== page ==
Joanne B. Freeman is assistant professor of history at Yale University. She recently appeared in the PBS American Experience documentary "The Duel", exploring the fatal 1804 clash between Burr and Hamilton.

The West Indies, the Revolution, and the Confederation, 1769-1786
To Edward Stevens, November 11, 1769: "My Ambition Is Prevalent"
To Nicholas Cruger, February 24, 1772: Counting-House Business
To The Royal Danish American Gazette, September 6, 1772: Account of a Hurricane
A Full Vindication of the Measures of the Congress, December 15, 1774
To John Jay, November 26, 1775: The Danger of Trusting in Virtue
To Gouverneur Morris, May 19, 1777: The New York Constitution
To George Clinton, February 13, 1778: The Trouble with Congress
To Elias Boudinot, July 5, 1778: The Battle of Monmouth
To John Jay, March 14, 1779: Enlisting Slaves as Soldiers
To John Laurens, c. April 1779: Hope for a Wife
To William Gordon, September 5, 1779: An Insult to Honor
To John Laurens, January 8, 1780: "I Am Not Fit for This Terrestreal Country"
To Elizabeth Schuyler, August 1780: "Examine Well Your Heart"
To James Duane, September 3, 1780: "The Defects of Our Present System"
To Elizabeth Schuyler, September 3, 1780: Opinions Regarding the Sexes
To Elizabeth Schuyler, September 25, 1780: The Plight of Mrs. Arnold
To Elizabeth Schuyler, October 2, 1780: The Fate of Major Andre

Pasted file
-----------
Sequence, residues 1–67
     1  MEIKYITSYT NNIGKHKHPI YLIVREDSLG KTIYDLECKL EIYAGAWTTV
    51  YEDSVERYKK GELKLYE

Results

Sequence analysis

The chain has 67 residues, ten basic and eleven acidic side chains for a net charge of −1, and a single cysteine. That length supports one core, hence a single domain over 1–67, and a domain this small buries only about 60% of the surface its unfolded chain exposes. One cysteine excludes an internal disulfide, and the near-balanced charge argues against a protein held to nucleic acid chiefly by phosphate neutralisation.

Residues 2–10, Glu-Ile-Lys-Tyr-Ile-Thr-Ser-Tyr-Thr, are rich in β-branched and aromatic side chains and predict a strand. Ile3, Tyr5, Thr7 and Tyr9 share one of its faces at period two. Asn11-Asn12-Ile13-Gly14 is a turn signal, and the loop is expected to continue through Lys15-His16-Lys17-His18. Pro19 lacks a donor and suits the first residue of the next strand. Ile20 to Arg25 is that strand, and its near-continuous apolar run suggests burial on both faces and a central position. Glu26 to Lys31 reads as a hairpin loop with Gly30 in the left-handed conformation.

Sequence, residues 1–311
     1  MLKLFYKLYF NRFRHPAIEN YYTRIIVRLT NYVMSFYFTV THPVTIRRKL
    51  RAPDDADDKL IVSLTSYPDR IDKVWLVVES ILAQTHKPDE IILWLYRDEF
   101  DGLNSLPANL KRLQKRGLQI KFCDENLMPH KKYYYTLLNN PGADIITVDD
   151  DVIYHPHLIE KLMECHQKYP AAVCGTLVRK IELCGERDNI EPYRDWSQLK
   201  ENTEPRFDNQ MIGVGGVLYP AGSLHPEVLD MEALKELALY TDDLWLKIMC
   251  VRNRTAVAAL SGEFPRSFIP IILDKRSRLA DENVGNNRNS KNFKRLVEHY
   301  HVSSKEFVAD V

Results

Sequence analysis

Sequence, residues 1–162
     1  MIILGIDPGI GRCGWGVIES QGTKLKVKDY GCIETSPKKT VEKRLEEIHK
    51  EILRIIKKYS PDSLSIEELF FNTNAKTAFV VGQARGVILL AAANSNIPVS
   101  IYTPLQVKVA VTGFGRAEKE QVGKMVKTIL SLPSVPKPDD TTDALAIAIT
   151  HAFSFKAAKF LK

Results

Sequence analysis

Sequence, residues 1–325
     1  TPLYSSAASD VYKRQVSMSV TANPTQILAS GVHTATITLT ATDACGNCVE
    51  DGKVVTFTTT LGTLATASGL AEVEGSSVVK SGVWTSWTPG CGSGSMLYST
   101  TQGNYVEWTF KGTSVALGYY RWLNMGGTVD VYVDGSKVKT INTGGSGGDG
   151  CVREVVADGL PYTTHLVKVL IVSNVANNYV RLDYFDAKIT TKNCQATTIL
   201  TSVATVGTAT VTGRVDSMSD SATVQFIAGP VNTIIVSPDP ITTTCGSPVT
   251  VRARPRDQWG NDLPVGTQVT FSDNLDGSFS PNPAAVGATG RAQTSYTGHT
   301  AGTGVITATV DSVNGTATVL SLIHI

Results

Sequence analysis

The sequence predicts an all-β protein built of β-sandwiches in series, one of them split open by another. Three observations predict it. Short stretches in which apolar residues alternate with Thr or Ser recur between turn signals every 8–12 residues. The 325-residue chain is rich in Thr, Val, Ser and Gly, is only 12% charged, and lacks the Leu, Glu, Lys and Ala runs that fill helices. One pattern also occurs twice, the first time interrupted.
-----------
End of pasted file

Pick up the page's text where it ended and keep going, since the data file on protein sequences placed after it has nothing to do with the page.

To Margarita Schuyler, January 21, 1781: Advice About Marriage
To Philip Schuyler, February 18, 1781: A Break with Washington
To James McHenry, February 18, 1781: Washington Will Repent His Ill-Humour
The Continentalist No. I, July 12, 1781
The Continentalist No. III, August 9, 1781
The Continentalist No. IV, August 30, 1781
The Continentalist No. VI, July 4, 1782
To Richard Kidder Meade, August 27, 1782: The Birth of a Son
Remarks in Congress on Raising Funds, January 27, 1783
Remarks in Congress on Collecting Funds, January 28, 1783
To George Washington, February 13, 1783: The Prospect of a Mutiny
To George Washington, March 17, 1783: "Contending for a Shadow"
A Letter from Phocion to the Considerate Citizens of New-York on the Politics of the Day, January 1784
To James Hamilton, June 22, 1785: "I Feel All the Sentiment of a Brother"
Address of the Annapolis Convention, September 14, 1786
Framing and Ratifying the Constitution, 1787-1789
Plan of Government, c. June 18, 1787
Speech in the Constitutional Convention on a Plan of Government, June 18, 1787
To George Washington, July 3, 1787: "The Critical Opportunity"
Conjectures About the New Constitution, c. late September 1787
The Federalist No. 1, October 27, 1787
The Federalist No. 6, November 14, 1787
The Federalist No. 7, November 17, 1787
The Federalist No. 8, November 20, 1787
The Federalist No. 9, November 21, 1787
The Federalist No. 11, November 24, 1787
The Federalist No. 12, November 27, 1787
The Federalist No. 13, November 28, 1787
The Federalist No. 15, December 1, 1787
The Federalist No. 16, December 4, 1787
The Federalist No. 17, December 5, 1787
The Federalist No. 21, December 12, 1787
The Federalist No. 22, December 14, 1787
The Federalist No. 23, December 18, 1787
The Federalist No. 24, December 19, 1787
The Federalist No. 25, December 21, 1787
The Federalist No. 26, December 22, 1787
The Federalist No. 27, December 25, 1787
The Federalist No. 28, December 26, 1787
The Federalist No. 29, January 9, 1788
The Federalist No. 30, December 28, 1787
The Federalist No. 31, January 1, 1788